European leaders are meeting in Brussels on Thursday and Friday for the final European Union summit of 2015. Dominating the agenda is the refugee crisis. As of Dec. 17, more than 956,000 migrants, including refugees, have arrived in Europe by sea this year, according to the International Organization for Migration. The EU and its member states are still struggling to develop a common response.
The latest idea, proposed by Germany and France earlier this month, is to create a standing, 2,000-member strong EU border and coast guard force. But like every other EU response to the refugee crisis, that has been met with mixed reactions. As I wrote last week, “Member states have historically been reluctant to give up any amount of control over their borders. However, given the unprecedented scale of the current migrant crisis—Germany alone has registered over 1 million refugees—the European border force could become a reality.”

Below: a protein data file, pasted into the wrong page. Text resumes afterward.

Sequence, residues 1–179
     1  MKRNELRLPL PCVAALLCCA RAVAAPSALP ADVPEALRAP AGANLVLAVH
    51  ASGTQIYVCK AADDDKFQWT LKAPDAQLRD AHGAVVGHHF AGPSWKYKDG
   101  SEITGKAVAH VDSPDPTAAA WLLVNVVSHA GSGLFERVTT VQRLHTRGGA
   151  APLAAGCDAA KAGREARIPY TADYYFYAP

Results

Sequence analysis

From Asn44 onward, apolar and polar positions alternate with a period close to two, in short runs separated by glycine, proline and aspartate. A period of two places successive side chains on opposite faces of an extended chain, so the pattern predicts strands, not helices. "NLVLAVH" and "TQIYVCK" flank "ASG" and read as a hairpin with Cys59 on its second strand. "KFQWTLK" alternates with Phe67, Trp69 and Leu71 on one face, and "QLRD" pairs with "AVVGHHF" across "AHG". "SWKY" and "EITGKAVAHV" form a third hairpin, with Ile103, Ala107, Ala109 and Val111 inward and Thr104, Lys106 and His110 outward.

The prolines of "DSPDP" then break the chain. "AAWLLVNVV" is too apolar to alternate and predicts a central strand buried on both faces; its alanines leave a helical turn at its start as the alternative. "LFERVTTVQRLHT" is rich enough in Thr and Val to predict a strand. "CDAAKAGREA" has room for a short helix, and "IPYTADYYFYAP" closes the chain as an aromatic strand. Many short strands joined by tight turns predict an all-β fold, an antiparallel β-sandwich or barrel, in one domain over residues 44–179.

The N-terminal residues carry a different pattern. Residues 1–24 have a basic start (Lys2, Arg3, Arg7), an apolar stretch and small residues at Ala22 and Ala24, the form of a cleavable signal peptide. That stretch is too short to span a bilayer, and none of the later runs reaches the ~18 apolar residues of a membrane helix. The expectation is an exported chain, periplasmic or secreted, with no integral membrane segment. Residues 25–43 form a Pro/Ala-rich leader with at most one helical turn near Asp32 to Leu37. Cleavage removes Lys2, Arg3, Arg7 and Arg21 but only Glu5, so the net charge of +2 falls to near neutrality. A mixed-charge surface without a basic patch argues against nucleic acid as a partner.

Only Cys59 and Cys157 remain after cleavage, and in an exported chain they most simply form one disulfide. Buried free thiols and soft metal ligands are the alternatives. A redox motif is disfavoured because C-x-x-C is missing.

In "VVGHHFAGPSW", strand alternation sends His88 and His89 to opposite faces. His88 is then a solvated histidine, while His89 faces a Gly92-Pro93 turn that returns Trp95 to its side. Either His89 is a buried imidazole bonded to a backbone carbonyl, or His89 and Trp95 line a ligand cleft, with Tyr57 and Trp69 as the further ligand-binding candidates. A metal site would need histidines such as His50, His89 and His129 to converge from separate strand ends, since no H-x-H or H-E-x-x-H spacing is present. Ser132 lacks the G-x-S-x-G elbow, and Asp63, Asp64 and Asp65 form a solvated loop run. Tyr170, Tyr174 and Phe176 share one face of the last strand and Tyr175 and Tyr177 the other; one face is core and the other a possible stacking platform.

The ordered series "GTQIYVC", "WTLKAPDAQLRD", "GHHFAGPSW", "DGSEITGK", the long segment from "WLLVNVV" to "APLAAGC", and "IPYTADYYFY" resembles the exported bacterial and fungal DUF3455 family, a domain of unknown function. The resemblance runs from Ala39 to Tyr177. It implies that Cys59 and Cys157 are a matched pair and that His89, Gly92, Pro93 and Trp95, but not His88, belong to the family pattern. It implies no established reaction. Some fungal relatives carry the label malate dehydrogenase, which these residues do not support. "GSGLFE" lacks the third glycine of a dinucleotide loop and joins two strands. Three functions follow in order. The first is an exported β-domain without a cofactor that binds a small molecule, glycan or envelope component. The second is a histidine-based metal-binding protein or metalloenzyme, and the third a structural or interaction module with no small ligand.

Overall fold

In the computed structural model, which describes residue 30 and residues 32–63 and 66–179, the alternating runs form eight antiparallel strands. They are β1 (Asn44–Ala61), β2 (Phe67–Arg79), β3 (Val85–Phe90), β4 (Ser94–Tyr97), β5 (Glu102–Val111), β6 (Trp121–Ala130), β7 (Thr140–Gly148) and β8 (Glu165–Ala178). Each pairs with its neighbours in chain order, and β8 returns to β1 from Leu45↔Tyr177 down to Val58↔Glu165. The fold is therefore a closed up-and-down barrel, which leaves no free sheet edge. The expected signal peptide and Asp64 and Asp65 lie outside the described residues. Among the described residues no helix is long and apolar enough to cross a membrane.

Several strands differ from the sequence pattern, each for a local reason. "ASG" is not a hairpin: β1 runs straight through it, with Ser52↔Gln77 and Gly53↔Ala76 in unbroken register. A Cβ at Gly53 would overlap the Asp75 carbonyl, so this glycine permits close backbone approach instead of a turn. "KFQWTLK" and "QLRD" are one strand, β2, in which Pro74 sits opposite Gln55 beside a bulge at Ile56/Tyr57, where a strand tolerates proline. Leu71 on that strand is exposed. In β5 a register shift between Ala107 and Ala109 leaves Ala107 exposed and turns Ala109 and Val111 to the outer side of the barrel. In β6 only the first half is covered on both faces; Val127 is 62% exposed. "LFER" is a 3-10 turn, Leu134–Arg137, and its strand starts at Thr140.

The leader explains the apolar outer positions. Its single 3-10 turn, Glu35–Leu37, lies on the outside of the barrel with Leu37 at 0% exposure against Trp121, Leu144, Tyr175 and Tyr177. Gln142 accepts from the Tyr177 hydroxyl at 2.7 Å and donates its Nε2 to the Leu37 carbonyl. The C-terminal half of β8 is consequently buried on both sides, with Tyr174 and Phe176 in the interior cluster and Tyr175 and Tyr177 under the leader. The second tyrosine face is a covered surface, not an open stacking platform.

European Commission President Jean-Claude Juncker has defended the idea, telling the European Parliament on Wednesday: “We want to defend everything that Schengen represents,” referring to the agreement, originally signed in 1985 and supplemented in the 1990s, that allows for visa-free travel among its now-26 European signatories. But Poland’s foreign minister spoke out against the border guard proposal, expressing concern that European bureaucrats could take control of national borders.